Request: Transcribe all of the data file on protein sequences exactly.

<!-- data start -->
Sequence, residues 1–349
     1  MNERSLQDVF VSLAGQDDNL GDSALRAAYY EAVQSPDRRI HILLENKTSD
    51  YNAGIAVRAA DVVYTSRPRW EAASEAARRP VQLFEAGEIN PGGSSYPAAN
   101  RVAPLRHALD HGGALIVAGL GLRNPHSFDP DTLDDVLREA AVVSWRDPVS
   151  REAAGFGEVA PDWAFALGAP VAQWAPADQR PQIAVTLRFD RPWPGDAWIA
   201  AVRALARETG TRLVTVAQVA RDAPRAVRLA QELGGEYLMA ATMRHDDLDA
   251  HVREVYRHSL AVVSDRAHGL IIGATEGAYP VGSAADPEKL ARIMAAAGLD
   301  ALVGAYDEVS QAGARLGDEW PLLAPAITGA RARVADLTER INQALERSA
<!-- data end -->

Sequence, residues 1–349
     1  MNERSLQDVF VSLAGQDDNL GDSALRAAYY EAVQSPDRRI HILLENKTSD
    51  YNAGIAVRAA DVVYTSRPRW EAASEAARRP VQLFEAGEIN PGGSSYPAAN
   101  RVAPLRHALD HGGALIVAGL GLRNPHSFDP DTLDDVLREA AVVSWRDPVS
   151  REAAGFGEVA PDWAFALGAP VAQWAPADQR PQIAVTLRFD RPWPGDAWIA
   201  AVRALARETG TRLVTVAQVA RDAPRAVRLA QELGGEYLMA ATMRHDDLDA
   251  HVREVYRHSL AVVSDRAHGL IIGATEGAYP VGSAADPEKL ARIMAAAGLD
   301  ALVGAYDEVS QAGARLGDEW PLLAPAITGA RARVADLTER INQALERSA